Improving scholarly discovery and graduate education

If an end-of-the-semester paper isn’t worth being published on the Internet, it isn’t worth writing at all.

John Hoff

Wouldn’t it be great if final papers written at the end of the semester had some kind of actual impact on the world?

What is the point, I often wonder, of all this effort to put words and ideas on paper? Who will actually read these ideas, produced through such intense effort? What lasting importance, if any, will my paper have? For what great and noble cause am I staining with black ink the once-living flesh of lovely trees, except to earn a grade and prove I learned something?

Here’s a radical thought: if an end-of-the-semester paper isn’t worth being published on the Internet, it isn’t worth writing at all. Internet publication should be the scholarly standard for every single graduate student paper produced at the University, and for certain outstanding undergraduate papers.

At some point, even the routine assignments of first-year students should be tailored to increase the world’s body of scholarly knowledge, and not just provide busywork for the purpose of grading spelling and grammar.

By publishing virtually all student papers on the Internet, as part of a systematic process, our University can pull itself toward the lofty goal of becoming one of the top three public research universities within a decade.

I’ve seen some really good papers written at this University, and a few of them were even mine. There is a pure and cerebral form of excitement that grips a student when they realizes ideas are pouring from their mind that describe the world in new ways, or link concepts with a unique twist, or which document important human experience that would otherwise just fade away, unrecorded.

But then, of course, at some point you realize it’s just a final paper and, really, who is going to read your stuff?

At the moment, I am writing a paper for a class at the Humphrey Institute which will explore the issue of taxing clothing in Minnesota, closely tied to a global trend of ever-cheaper clothing which might provide something of a political justification for taxes to support, for example, economically cost-effective programs for early childhood.

I think it will be a pretty decent paper, but hardly as fun and creative as some of my other work, like a deep and detailed exploration of how various states could collect more child support remittances from overseas or another paper I have planned for this semester about a movement in Tanzania called “Popular Theatre,” and how this movement could be more effective by borrowing tactics from another context.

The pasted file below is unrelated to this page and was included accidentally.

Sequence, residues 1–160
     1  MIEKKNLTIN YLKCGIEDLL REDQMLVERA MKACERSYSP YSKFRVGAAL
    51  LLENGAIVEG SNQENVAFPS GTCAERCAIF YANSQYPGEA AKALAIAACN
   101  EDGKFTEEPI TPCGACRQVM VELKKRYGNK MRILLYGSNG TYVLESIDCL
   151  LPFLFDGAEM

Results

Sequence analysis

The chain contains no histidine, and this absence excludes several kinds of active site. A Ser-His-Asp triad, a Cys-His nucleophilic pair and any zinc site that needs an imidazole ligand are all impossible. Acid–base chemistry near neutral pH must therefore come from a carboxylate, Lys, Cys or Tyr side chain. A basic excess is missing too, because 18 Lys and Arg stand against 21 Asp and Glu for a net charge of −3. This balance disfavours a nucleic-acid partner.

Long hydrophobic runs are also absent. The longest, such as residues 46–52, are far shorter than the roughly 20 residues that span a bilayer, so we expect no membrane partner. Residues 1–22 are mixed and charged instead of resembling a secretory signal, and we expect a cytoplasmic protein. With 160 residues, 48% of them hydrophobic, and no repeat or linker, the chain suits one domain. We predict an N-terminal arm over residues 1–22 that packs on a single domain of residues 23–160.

Mentioning these ideas here in abbreviated form may be the most exposure these papers will ever see, though I might pour my heart and soul into them, as most graduate students do with their papers.

I really have to question the value of writing papers at all if they’re just going to be filed away as artifacts for future theoretical grandchildren, having no impact on the world.

Sure, any student could put their papers on the Internet as part of a blog. But if you did that, you’d have no academic institution standing behind you saying, in effect, “Behold, this is the pretty decent work of our student. Read it and be enlightened, and may these writings become part of collective human wisdom,” or something like that.

And, yes, you could try to get your paper published in an academic journal, or present it at conferences, but that’s just more dead trees. If a paper were written at the University, and it’s a decent paper, why shouldn’t the University routinely publish such papers when the Internet makes it so easy and cost-effective?

The value in publishing all high-quality student papers on the Internet, however, is not that it would be gratifying for the students, or move us closer to a paperless world, but because this would drastically increase the output of scholarly writings by this University, and all that entails in moving this institution toward becoming a top three public research university.

Student papers could get cited in other scholarly writings. Some students might find themselves invited to academic conferences. My word, some student might even get a real job paying real money because of something that student wrote, not just a grade and several lines of handwritten praise from an instructor.

And, just maybe, some of these papers might have a real impact on the world. When Albert Einstein was 26 and working as a patent examiner, he created the “special theory of relativity.” The next Einstein might be sitting near you in class, chewing thoughtfully on a pen.

And, yes, I think the trend should ultimately include even the papers of first-year students. For example, instead of being told, “Interview one of your classmates” students might be told, “Go interview somebody who experienced an important historical event and write down one of their stories. All your papers will be published, so do a good job.”

In this way, even students at the beginning of their academic career would be making a meaningful scholarly contribution instead of just learning, for example, basic interviewing skills.

Putting the best student papers on the Internet would draw out increased academic effort, and in this way all students would be “driven to discover.”

John Hoff welcomes comments at [email protected]